(This blog was originally posted on February 16, 2016)
According to Hypnosis Motivation Institute founder John Kappas, Ph.D., the most important component of a successful weight-loss program is the hypnotherapy client’s active participation in the process. For example, the person must consistently, regularly write down in a ledger what he or she eats during the day—including the quantity of food ingested. To control eating behaviors, the client should be instructed to always leave 25 percent of the food on the plate.
As long as the person recording these details it is working—even if the weight is not coming off during a plateau stage. “This process is something you’re conscious that you’re going to do,” Dr. Kappas said. “You choose [to do or] not do the ledger.” If the person does not record this information in the ledger and/or does not control eating behaviors, he or she is not ready to do the process and lose weight, he explained.
Another indication that the individual may not be ready to lose the weight is by not showing up for appointments. In this case, it is worthwhile to do a Systems Approach evaluation to find out if relationship or family pressures are inhibiting the weight loss. This may reveal that the client may be gaining weight to preserve the status quo of the marriage or relationship that he or she is already in. When one partner or family member loses weight, the status quo in that relationship naturally undergoes a shift in relation to the client’s perceptions about him- or herself. For example, the client’s spouse may feel subconsciously threatened by the partner’s physical change and concomitant increase in self-confidence, and fear that the client will leave the relationship. The partner’s subconscious goal would be to keep the current “system” in place. To do this the person may try to (again, subconsciously) sabotage the client’s diet by eating forbidden foods (e.g., sweets, pizza, etc.) in front of the person or even offering some to him or her. The spouse’s perception of the client and the “new” relationship is also likely to shift, and the client may even worry that the partner will leave. In an attempt to keep the relationship intact, the client may abandon the weight-loss program, Dr. Kappas explained.
Alternatively, the client may abandon the weight-loss program and gain, or regain, weight as a way to end the relationship with the spouse without feeling guilt. In this case, the client may use weight to “get back at” a partner who says he or she will only return to the relationship once the client loses the weight.
Another possibility is that the client may be trying to make him- or herself unattractive to the partner because there is no sexual activity between them. This is a form of emotional blackmail; in this case, the hypnotherapist must deal with the client in terms of just the weight and not the person’s relationship with the spouse.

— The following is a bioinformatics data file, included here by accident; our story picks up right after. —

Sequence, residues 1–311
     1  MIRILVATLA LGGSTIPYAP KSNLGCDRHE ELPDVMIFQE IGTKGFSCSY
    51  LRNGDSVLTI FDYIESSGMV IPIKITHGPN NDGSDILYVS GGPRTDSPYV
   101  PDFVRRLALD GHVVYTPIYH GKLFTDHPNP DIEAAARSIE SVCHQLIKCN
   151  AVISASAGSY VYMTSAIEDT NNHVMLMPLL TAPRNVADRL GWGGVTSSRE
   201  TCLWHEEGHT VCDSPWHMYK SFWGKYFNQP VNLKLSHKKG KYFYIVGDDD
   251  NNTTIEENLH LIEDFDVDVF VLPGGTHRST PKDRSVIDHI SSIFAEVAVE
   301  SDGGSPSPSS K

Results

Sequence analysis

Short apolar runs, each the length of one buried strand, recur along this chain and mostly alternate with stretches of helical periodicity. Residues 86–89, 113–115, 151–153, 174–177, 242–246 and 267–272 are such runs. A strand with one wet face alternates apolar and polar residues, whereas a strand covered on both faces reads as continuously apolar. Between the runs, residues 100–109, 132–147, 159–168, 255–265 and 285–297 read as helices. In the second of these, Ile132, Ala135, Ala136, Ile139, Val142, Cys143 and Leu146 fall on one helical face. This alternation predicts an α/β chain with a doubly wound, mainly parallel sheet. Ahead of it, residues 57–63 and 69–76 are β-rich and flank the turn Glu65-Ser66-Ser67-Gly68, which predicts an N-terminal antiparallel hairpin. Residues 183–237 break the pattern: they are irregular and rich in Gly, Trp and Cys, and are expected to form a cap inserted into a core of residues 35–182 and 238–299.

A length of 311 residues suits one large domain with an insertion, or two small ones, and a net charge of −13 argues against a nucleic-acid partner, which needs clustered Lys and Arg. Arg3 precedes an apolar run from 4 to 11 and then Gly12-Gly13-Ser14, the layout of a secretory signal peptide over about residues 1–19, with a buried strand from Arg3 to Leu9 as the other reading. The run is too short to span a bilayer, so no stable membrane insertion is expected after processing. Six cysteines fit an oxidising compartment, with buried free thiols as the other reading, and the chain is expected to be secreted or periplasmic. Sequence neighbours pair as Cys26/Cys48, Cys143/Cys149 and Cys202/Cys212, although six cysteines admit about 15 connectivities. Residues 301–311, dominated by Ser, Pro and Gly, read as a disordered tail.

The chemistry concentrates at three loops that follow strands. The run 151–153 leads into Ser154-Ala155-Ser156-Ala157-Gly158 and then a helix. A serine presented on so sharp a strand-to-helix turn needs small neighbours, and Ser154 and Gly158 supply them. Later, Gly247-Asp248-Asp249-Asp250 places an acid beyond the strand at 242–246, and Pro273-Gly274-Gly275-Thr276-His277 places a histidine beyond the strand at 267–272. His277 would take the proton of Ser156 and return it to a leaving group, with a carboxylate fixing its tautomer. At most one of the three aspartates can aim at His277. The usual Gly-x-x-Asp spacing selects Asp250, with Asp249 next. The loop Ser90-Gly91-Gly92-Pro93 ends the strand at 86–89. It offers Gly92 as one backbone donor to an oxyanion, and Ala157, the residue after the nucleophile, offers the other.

Food may also fulfill (gratify) a need that the client has, which the partner is not meeting in the relationship. Finally, weight-gain is also often related to problems or hang-ups with sexuality, which also leads to low self-esteem, Dr. Kappas said.
Emotional issues cause 20-percent of weight problems, said the HMI founder. “Weight is a glue that holds together a style of emotions, and by removing that glue the emotions are likely to fall apart.” Therefore, in these cases, the client must be emotionally ready and motivated to resolve the problem in order to lose the weight.
I am currently offering a 10 percent discount on all hypnotherapy for weight-loss/weight-management sessions. This offer is good through April 30, 2017. It is not exchangeable for cash and may not be combined with any other offer. For more information and to set up an appointment, please contact me at (661) 433-9430 or send an e-mail to email@example.com.
Also: save $250 toward a purchase of 24 sessions or more for personal training with Irvin Burton, CEO and Founder at Tiger Crane Martial Arts & Fitness. You can contact him at Irvin_Burton@yahoo.com or call (661) 993-8621.
I look forward to hearing from—and working with—you soon!
*California law allows access by California residents to complementary and alternative health care practitioners who are not providing services that require medical training and credentials. The purpose of a program of hypnotherapy is for vocational and avocational self-improvement (Business and Professions Code 2908) and as an alternative or complementary treatment to healing arts services licensed by the state. A hypnotherapist is not a licensed physician or psychologist, and hypnotherapy services are not licensed by the state of California. Services are non-diagnostic and do not include the practice of medicine, neither should they be considered a substitute for licensed medical or psychological services or procedures.
Sara R. Fogan, C.Ht. is a certified hypnotherapist based in Southern California. She graduated with honors from the Hypnosis Motivation Institute in 2005. For more information about Calminsense Hypnotherapy® and to set up an appointment, please visit http://www.calminsensehypnotherapy.com/.